Legendary actor Louis Gossett Jr. remembered as ‘one of the best’

By Anita Bennett

Contributing Writer

LOS ANGELES — A trailblazer who broke barriers in Hollywood, Louis Gossett Jr. is being remembered as a “true legend.”

Gossett died on March 29 in Santa Monica at age 87. 

“It is with our heartfelt regret to confirm our beloved father passed away this morning,” the actor’s family said in a statement. “We would like to thank everyone for their condolences at this time. Please respect the family’s privacy during this difficult time.”

His first cousin told the Associated Press the actor should be remembered for standing up for civil rights and for fighting against racism.

“Never mind the awards, never mind the glitz and glamour, the Rolls Royces and the big houses in Malibu,” Neal L. Gossett said. “It’s about the humanity of the people that he stood for.” 

The actor landed his first TV role in the 1950s. He would go on to have a successful career on television, stage and film.

“Louis Gossett, Jr. was one of the finest examples of utilizing all of his skills to create an outstanding career and legacy,” said Gil Robertson, president and co-founder of the African American Film Critics Association.

Gossett took home an Emmy Award in 1977 for his performance in “Roots” as Fiddler — an enslaved musician — who “fiddled” his way out of the fields.

The groundbreaking ABC miniseries also starred Ben Vereen, LeVar Burton, John Amos, Madge Sinclair and Leslie Uggams.

In a statement on X (formerly Twitter) LeVar Burton described Gossett as “one of the best to ever do it.”

Gossett would go on to become the first Black man to win a best supporting actor Oscar in 1983, for his role as a Marine drill instructor in “An Officer and a Gentleman” opposite Richard Gere.

“More than anything, it was a huge affirmation of my position as a Black actor,” Gossett wrote in his memoir, “An Actor and a Gentleman.”

In a widely distributed statement, Gere described Gossett as “a tough guy with a heart of gold.”

“He stayed in character the whole time,” Gere said. “He was the drill sergeant 24 hours a day, and it showed clearly in his performance. He drove every scene he was in.”

Louis Cameron Gossett was born on May 27, 1936, in the Coney Island section of Brooklyn, New York.

He took an early interest in acting and made his stage debut in a high school production of “You Can’t Take It with You.”

After high school, he attended New York University on a basketball and drama scholarship. After college, he found work on Broadway.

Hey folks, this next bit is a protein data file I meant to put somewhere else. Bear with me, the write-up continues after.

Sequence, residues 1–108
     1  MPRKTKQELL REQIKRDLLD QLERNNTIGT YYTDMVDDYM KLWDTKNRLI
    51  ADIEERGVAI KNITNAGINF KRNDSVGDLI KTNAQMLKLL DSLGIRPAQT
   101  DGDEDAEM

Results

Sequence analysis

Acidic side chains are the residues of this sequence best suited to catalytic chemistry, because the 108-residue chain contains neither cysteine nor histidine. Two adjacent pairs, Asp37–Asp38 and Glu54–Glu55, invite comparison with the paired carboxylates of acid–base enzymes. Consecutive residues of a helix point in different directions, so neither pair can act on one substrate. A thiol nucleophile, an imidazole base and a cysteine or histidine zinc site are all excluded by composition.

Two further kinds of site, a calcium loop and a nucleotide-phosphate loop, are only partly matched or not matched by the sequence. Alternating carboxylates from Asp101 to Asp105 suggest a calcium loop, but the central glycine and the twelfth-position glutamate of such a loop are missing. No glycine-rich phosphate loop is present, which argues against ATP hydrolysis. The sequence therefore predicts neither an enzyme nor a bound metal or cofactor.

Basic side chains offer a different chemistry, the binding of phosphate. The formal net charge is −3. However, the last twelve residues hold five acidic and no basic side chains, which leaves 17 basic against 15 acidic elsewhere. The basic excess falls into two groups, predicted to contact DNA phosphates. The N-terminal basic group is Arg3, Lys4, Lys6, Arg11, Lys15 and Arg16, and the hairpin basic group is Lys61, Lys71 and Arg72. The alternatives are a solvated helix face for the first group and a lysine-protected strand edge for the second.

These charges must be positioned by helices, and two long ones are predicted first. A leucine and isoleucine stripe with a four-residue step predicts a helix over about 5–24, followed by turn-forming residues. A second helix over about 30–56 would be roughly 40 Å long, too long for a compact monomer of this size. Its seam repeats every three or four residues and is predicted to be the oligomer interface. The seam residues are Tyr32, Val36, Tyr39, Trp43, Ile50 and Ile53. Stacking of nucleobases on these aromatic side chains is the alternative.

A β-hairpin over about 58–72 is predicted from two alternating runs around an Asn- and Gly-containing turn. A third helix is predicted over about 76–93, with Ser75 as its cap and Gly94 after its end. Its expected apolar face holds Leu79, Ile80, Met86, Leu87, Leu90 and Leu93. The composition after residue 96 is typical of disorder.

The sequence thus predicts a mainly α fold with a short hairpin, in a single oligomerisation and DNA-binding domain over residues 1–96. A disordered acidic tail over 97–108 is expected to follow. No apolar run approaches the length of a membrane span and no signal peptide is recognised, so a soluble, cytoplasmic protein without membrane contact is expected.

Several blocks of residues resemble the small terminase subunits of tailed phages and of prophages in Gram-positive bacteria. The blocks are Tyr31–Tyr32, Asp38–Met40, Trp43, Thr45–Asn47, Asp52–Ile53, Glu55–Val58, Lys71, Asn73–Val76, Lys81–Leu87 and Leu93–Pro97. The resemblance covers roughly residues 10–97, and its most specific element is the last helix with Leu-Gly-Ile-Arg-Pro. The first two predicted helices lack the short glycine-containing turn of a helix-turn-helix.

Gossett appeared in the stage production of “A Raisin in the Sun” about a Black family’s experiences in Chicago, and in 1961 he co-starred in the film adaptation alongside Sidney Poitier, Claudia McNeil and Ruby Dee.

He built an enviable resume when there were limited opportunities for Black actors.

“He obviously knew the limitations that could potentially block his ability to support himself in one way as an actor, so he utilized all of his talents to be working as a voiceover artist, or singing on stage or television or in film, regardless of what the venue was,” Robertson said.

Among Gossett’s many television roles were parts in “The Rockford Files,” “Good Times,” “The Jeffersons,” “Lackawanna Blues,” “Return to Lonesome Dove,” “Touched by an Angel,” “Extant,” “Watchmen,” and “Kingdom Business.” He also directed television shows and appeared in the films “The River Niger” (1976), “Jaws 3-D” (1983), and “The Cuban” (2019).

Most recently, he played the cantankerous Ol’ Mister alongside Colman Domingo’s Mister in “The Color Purple” remake (2023).

Domingo paid tribute to Gossett on Instagram.

“We lost a true great. A true legend. What an honor to have been able to give him his flowers on his last day of his final film ‘The Color Purple’ where he played my father,” Domingo said in a caption of a photo of Gossett on the film’s set. 

Gossett was diagnosed with prostate cancer in 2010. He went public with his diagnosis to encourage other Black men to seek preventive examinations.

The actor was also vocal about racism and established the Eracism Foundation to combat racism.

Ayuko Babu, co-founder of the Pan African Film and Arts Festival, said Gossett was a champion of Black films.

“A whole bunch of people hear about the Pan African Film Festival and don’t ever come. Don’t ever stop, don’t ever pay attention,” Babu said in a statement. “Lou not only stopped and paid attention, he came down to see what was going on.”

The festival honored Gossett with a Lifetime Achievement Award in 2006.

Louis Gossett Jr. is survived by his sons Satie, who is a producer-director; and Sharron, who is a chef. 

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